APPLETON, Wis. — You may not expect to see farm fresh veggies while at the airport. In Appleton however, you can now see the greens and the farm they came from.

Marketing Manager Patrick Tracey recently showed off the latest addition to the ATW concourse.

“People are very curious to see what is going on and they can peer in and see the little baby lettuce’s growing. Kids love it,” said Tracey.

The airport recently became the first in Wisconsin and the third in the world to offer a hydroponic food system.

“The greens are literally harvested fifteen feet from our restaurant, ensuring our customers with the freshest possible food,” said Tracey.

The flex farm unit currently grows lettuce for sandwiches and burgers at the Fox Cities Eatery. Three hundred pounds of greens will be produced each year by the system.


“As we learn to be farmers on the concourse here, our hope is to expand the farm so that we can have all of our fresh greens come from our own flex farm,” said Tracey.

Fork Farms, an indoor agriculture startup out of Green Bay, designed the system. Adding flex farms in airports wasn’t originally on their radar, says company president Alex Tyink.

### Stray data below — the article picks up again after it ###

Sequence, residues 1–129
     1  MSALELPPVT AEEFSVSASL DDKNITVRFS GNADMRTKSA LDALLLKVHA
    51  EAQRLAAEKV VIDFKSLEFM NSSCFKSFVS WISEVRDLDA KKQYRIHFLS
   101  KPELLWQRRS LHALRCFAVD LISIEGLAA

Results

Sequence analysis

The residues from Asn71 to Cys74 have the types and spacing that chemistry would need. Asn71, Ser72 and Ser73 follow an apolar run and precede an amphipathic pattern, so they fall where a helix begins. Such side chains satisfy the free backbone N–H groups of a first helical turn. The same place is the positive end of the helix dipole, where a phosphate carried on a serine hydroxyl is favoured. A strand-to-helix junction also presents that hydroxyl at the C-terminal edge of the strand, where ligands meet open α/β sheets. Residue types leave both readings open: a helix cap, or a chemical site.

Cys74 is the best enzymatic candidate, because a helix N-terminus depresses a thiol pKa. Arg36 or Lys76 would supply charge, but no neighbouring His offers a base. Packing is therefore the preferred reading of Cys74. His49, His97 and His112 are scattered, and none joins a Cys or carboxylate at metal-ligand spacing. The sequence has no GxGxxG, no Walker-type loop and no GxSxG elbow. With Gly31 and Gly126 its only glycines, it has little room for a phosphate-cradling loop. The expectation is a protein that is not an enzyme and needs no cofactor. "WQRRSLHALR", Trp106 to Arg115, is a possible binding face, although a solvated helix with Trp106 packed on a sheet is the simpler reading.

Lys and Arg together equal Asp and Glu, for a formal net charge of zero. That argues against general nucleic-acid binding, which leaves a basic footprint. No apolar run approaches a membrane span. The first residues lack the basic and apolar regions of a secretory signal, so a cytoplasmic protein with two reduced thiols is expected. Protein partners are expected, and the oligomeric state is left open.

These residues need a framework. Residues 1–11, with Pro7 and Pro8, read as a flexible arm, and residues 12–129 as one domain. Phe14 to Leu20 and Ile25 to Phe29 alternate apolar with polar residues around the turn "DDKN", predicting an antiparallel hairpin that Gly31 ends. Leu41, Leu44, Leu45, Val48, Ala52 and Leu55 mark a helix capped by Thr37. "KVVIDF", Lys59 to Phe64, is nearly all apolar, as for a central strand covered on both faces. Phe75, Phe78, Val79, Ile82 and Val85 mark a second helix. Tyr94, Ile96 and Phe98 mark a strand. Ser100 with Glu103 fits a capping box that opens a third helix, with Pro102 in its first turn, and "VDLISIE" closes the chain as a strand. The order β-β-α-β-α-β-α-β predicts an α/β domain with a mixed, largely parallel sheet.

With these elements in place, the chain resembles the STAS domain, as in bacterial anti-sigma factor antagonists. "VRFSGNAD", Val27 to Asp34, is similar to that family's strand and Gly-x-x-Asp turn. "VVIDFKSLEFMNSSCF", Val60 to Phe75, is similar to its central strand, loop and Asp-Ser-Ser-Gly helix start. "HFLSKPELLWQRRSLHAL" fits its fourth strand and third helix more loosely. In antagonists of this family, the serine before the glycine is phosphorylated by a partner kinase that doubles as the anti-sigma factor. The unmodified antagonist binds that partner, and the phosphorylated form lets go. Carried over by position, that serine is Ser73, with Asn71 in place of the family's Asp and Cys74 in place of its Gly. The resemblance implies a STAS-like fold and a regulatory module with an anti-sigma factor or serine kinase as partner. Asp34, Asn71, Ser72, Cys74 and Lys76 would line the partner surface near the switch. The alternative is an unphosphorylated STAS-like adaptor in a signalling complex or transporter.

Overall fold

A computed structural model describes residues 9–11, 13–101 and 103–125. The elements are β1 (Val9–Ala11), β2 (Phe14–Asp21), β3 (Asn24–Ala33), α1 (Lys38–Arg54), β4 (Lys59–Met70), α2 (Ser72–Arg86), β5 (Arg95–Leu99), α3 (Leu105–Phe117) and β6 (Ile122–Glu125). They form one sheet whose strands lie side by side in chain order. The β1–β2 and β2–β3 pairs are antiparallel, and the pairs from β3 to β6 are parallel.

“When we started this, we thought we were going to help out some schools, some food deserts, things like that and it’s just exploded.”

The company has now installed over 600 flex farms in 23 states.

“We really want this to be food for the masses. To be able to put a farm in a box so that anybody out there can be a farmer and start to produce hyper local super fresh food,” said Tyink.

According to Fork Farms, these greens take three weeks to grow versus sixty days for traditional agriculture. For Wisconsin customers, a head of lettuce could already be 3 1/2 weeks old by the time it hits their plate, losing 40% of its nutritional value.

The flex farm which runs on LED lights, water, and nutrients should provide travelers with a high level of nutrition where they may not be expecting it.

“It is hard to maintain a good healthy diet when you’re traveling so we think this is a great option for folks,”  said Tracey.

Foy Tyink, Fork Farms is more than a business. He feels the food system is broken and people have a tough time finding healthy options.

“Pesticide, herbicide use are getting worse. Salmonella outbreaks are on a rampage. We feel like by decentralizing the food system, making food feet away from where people are consuming it, we have a really unique opportunity to increase quality and reduce cost.”​